Welcome, Guest. Please login or register. Did you miss your activation email?

Author Topic: Additive v. Multiplicative Light and Shadow Blending  (Read 4938 times)

0 Members and 1 Guest are viewing this topic.

JayhawkZombie

  • Jr. Member
  • **
  • Posts: 76
    • View Profile
Additive v. Multiplicative Light and Shadow Blending
« on: March 11, 2017, 05:12:30 am »
I've been working on a new lighting system (wayyyyyyy more efficient than the raycasting one I posted a couple months ago).

Buuuuuuut, now I'm at a fork.  I need to choose between using a multiplicative algorithm for the lights/shadow blending and an additive method.  There is no performance difference, since the change is only in a couple fragment shaders.

Using a multiplicative method seems to make it appear as though the light is actually brightening the area around it, but the lights themselves are much less prominent (and this require some visual emphasis)

I have a system with 2 shadow casters (the two largest light sources) and 12 non shadow casing light sources.
This is what it looks like using a multiplicative algorithm:



This is what it looks like using an additive algorithm:


The big purple light moved a bit between the two, but that light follows the mouse. All the others are static.

I could go on for far too long about why I like one more than the other, but I want to hear what you think.

As far as 360-400fps for 14 lights goes in terms of performance, it's meh, but I'll optimize it later.

sjaustirni

  • Jr. Member
  • **
  • Posts: 95
    • View Profile
Re: Additive v. Multiplicative Light and Shadow Blending
« Reply #1 on: March 11, 2017, 10:25:02 am »
Well, the multiplicative method creates scenes with greater contrast, but it's not "orthogonal", if you know what I mean. It creates this mist-like/grungy-like effect, which looks great in your example, but indeed, it may not always be how one wants to use the lighting system. In this regard, the additive method is much less opinionated.

Still, I don't think you should just throw away the multiplication method, because it looks freaking awesome. I am not too much skilled in this area, but maybe there's a way to preserve both methods, letting the user choose the one that looks better in their case?
« Last Edit: March 11, 2017, 10:26:33 am by sjaustirni »

JayhawkZombie

  • Jr. Member
  • **
  • Posts: 76
    • View Profile
Re: Additive v. Multiplicative Light and Shadow Blending
« Reply #2 on: March 11, 2017, 06:57:33 pm »
True, thanks for pointing that out. I'm not sure what you mean by "orthogonal", but I think I understand what you were getting at.

Sure, I could make it so that one could choose between them, but right now that would be on a per-light-system basis. The only real difference between them is one line in their respective fragment shader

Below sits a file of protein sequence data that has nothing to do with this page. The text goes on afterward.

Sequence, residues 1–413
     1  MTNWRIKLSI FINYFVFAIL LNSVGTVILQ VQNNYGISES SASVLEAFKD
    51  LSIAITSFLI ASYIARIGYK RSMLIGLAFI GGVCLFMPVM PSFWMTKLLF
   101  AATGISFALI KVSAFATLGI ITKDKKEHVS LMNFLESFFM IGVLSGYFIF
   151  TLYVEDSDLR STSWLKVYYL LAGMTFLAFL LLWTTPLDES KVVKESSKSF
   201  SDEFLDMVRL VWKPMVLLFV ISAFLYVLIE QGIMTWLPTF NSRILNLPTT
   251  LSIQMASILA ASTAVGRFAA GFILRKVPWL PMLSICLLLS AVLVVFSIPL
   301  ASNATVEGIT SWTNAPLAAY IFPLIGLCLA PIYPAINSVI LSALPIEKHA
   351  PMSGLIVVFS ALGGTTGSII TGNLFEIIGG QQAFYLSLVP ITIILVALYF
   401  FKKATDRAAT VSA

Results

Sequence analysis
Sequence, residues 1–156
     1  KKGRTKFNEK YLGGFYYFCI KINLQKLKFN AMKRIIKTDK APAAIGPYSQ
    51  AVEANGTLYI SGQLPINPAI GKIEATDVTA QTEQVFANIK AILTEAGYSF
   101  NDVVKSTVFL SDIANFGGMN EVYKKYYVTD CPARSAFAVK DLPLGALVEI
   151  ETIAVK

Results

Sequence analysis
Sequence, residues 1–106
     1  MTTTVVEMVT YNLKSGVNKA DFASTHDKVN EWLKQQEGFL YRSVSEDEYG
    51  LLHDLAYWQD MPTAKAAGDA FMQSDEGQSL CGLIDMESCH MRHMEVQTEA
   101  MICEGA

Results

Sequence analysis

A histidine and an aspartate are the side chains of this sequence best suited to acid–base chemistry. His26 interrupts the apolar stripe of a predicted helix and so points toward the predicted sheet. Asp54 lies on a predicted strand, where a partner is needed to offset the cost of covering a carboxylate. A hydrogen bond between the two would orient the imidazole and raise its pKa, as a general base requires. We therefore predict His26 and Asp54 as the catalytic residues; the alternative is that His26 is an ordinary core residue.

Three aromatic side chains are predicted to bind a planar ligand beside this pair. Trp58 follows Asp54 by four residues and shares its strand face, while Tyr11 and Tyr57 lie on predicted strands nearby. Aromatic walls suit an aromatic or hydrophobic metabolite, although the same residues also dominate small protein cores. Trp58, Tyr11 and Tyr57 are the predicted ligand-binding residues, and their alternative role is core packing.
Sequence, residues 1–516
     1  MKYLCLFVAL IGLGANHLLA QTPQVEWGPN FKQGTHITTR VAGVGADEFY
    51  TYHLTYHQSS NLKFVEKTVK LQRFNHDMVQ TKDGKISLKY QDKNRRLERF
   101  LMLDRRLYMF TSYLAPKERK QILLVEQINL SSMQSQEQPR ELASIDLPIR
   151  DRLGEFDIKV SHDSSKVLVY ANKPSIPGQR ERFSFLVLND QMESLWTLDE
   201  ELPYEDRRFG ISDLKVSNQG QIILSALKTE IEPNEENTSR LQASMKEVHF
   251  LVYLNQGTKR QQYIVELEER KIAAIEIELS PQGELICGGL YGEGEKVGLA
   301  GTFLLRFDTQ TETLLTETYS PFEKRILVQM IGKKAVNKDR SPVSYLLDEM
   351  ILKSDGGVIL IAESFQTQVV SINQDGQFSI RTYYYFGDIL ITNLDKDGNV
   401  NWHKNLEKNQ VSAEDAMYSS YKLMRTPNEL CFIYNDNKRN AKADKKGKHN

Multiplcative:
color.rgb = color.rgb + color.rgb * maskColor.rgb * lightIntensity;

Additive:
color.rgb = color.rgb + color.rgb + maskColor.rgb * lightIntensity;

It wouldn't  bee to hard to change it so that every light could independently choose how to illuminate the region around it.

Maybe the multiplicative one, with the "mist-like/grungy-like effect" as you said, would be good for eerie/dark/thematic scenes.
I guess what throws me off with the additive one is that it doesn't seem to brighten the scenery. It sort of slaps a translucent sheet on top of it.  The multiplicative one amplifies scenery colors (if I move the lights into a darker area, they are much less apparent, since there isn't anything to actually make brighter, which isn't the case for the additive one).

sjaustirni

  • Jr. Member
  • **
  • Posts: 95
    • View Profile
Re: Additive v. Multiplicative Light and Shadow Blending
« Reply #3 on: March 11, 2017, 11:03:50 pm »
By "orthogonal" I meant "with no side-effects". Maybe it wasn't the best usage of this word though.

It wouldn't  bee to hard to change it so that every light could independently choose how to illuminate the region around it.
If it's a dedicated lighting library, I would surely allow for writing one's own shaders for lights, maybe with some basic defaults. It would be surely for the best, considering how many blending modes are actually being commonly used.

I guess what throws me off with the additive one is that it doesn't seem to brighten the scenery. It sort of slaps a translucent sheet on top of it.  The multiplicative one amplifies scenery colors (if I move the lights into a darker area, they are much less apparent, since there isn't anything to actually make brighter, which isn't the case for the additive one).
Indeed, that's how addition works. If you take a look at the link I have posted above, maybe you're actually after a different blending mode, like screen, or gamma_bright. If I were you I would try out all of them, just for the sake of it :D
« Last Edit: March 16, 2017, 09:33:23 pm by sjaustirni »

Alia5

  • Newbie
  • *
  • Posts: 34
    • View Profile
Re: Additive v. Multiplicative Light and Shadow Blending
« Reply #4 on: March 16, 2017, 07:47:44 pm »
Why not use a combination of both?

I use this (with an additional guassian blur) in addition to my modified LTBL2, which is multiplicative, for a pseudo bloom shader.
The result of both gets then blended additively onto the finished, multiplicative blended image.
Overall, this makes the lighting way nicer.

I'm sure you could pick out the relevant parts...
Code: [Select]
uniform sampler2D currTex;
uniform sampler2D lightCompTex;
uniform sampler2D specCompTex;
void main()
{
        vec2 coord = gl_TexCoord[0].xy;
   vec4 frColor = texture2D(currTex, coord);
   vec4 lColor = texture2D(lightCompTex, coord);
   lColor += texture2D(specCompTex, coord);
   float lstrength = clamp(dot(lColor.rgb, vec3(0.2126, 0.7152, 0.0722)), 0.0, 1.0);
   float brightness = dot(frColor.rgb, vec3(0.2126, 0.7152, 0.0722));
   if (lstrength > 0.1)
   {
      gl_FragColor = vec4(lColor.rgb, lstrength * brightness);
   }
}